Thursday, March 1, 2007
X’borg cross-road shooting marked
Story: MICHAEL DONKOR
A SOLEMN ceremony was yesterday held at the Freedom Monument, near the Independence Square in Accra, to commemorate the Christiansborg cross-roads shooting incident in 1948, which marked the first major step towards the struggle for Ghana’s independence.
For the first time since the incident took place, the Actors Guild enacted the incident at the cross-roads to the Christiansborg Castle.
The ceremony drew a large section of the public to the place to catch a glimpse of the characters in the re-enactment of the shooting incident.
The ceremony, the 59th in the series, was attended by the Minister of the Interior, Mr. Albert Kan-Danpaah, officers and men of the Ghana Armed Forces (GAF), the Police, Fire Service and members of the Veterans Association of Ghana (VAG).
The Minister of Defence, Dr. Kwame Adoo-Kufuor, was the guest of honour.
After traditional, Christian and Muslim prayers, the bugle was sounded to invite all veterans to be on parade.
The VAG contingent then marched to the parade grounds while the roll of the veterans was called.
A brief history of the incident was read after which flags were hoisted.
After the sounding of the last post, a minute silence was observed for the departed heroes, followed by the reveille.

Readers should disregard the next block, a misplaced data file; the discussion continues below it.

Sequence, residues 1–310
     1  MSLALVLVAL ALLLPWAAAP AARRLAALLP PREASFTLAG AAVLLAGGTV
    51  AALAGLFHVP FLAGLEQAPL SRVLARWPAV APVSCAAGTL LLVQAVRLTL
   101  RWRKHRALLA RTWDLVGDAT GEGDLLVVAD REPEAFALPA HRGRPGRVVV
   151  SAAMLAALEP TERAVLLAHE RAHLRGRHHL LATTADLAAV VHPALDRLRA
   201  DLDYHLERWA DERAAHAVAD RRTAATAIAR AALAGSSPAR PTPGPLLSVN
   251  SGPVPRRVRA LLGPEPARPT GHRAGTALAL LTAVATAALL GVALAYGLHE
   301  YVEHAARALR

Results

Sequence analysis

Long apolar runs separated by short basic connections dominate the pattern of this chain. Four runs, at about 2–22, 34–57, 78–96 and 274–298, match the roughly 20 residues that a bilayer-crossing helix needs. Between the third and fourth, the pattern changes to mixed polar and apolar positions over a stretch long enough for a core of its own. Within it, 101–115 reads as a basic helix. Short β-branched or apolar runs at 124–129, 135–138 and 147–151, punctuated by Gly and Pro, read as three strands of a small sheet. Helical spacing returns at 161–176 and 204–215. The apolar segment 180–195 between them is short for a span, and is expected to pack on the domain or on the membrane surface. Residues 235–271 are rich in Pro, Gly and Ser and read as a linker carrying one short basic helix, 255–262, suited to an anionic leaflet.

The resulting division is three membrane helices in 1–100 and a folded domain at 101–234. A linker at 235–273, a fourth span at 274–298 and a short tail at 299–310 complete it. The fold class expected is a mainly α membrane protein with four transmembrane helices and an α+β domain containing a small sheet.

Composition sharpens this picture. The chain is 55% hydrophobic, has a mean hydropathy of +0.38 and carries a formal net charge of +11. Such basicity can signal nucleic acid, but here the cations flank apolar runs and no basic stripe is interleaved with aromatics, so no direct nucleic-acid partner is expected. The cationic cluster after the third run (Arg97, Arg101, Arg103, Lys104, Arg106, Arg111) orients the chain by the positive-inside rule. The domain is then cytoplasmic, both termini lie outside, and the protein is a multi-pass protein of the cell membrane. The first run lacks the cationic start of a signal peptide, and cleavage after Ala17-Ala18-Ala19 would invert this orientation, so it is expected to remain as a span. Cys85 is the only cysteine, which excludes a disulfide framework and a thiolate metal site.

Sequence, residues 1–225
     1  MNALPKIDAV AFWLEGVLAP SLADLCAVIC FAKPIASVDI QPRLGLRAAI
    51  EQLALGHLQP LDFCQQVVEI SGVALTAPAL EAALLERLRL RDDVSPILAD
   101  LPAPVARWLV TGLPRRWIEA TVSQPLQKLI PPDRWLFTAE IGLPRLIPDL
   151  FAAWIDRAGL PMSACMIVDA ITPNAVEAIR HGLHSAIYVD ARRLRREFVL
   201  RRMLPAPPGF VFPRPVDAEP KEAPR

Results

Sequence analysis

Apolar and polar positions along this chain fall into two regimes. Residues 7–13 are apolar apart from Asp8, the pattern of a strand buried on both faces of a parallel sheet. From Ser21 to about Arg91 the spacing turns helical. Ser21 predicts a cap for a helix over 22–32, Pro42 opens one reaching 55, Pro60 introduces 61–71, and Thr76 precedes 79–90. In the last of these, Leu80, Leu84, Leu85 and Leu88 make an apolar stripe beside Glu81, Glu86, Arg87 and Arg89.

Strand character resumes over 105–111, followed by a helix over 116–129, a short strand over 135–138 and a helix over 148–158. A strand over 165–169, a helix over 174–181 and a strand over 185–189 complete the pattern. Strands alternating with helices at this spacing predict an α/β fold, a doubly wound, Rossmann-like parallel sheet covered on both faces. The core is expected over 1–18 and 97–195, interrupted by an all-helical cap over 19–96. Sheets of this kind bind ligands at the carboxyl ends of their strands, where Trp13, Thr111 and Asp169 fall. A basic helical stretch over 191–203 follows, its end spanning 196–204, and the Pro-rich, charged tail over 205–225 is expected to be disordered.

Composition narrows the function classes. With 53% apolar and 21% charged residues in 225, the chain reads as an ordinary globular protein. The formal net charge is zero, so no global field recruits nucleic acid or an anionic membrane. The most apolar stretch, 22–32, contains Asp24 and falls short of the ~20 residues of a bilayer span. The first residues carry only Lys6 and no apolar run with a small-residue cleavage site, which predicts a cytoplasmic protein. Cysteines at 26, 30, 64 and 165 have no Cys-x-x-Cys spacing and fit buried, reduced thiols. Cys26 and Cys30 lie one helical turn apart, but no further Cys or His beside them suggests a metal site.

Four wreaths were laid; the first by Dr. Addo-Kuffuor on behalf of the government and people of Ghana, the second was laid by the Chief of the Defence Staff, Lt. Gen. J.B. Danquah, on behalf of the Security Services, the third by the Chairman of the VAG Council, Air Vice Marshall Odartey Barnor, on behalf of the VAG and the fourth by the Sempe Mantse and Acting President of the Ga Traditional Council, Nii Adotey Obour, on behalf of Traditional Rulers.
Among the dignitaries present were the Inspector-General of Police, Mr. Patrick Acheampong, and the Chief of Army Staff, Major-General Samuel Odotei.
The 28th February Christiansborg cross-roads shooting incident is celebrated every year to honour the defenceless ex-service men who, 19 1948, were killed at the end of the Second World War by the colonial police while they were marching peacefully to the Osu Castle to present a petition to the then Governor.
War veterans of the Royal West African Frontier Force (RWAFF), who fought so gallantly alongside their allies and received commendation, were demobilized at the end of the war when they were only paid pittance by way of war gratuity. The ex-servicemen were naturally not happy with the gratuity.
They felt that the British government, which then ruled the Gold Coast, would, in appreciation of their sacrifices, pay them something appreciable. Several appeals made by the soldiers to the authorities unfortunately fell on deaf ears.
After waiting for a period of time in anticipation that a reasonable was benefit would be paid to them, the ex-servicemen decided that a direct approach should be made to the British Governor and Commander in-Chief of the Gold Coast Regiment, Sir Gerald Dreasy.
It was in the process of making this direct approach, in a protest march to the Christiansborg Castle to present a petition, that a British Police Officer, Superintendent Imray, opened fire, killing three of the Ex-Servicemen: Sgt. Adjetey, Cpl. Attipoe and Private Odartey Lamptey.
The brutal murder of the ex-servicemen infuriated the people of the Gold Coast, who rose up to demand immediate self-government.
Daily Graphic - Thursday, March 1, 2007 Page: 16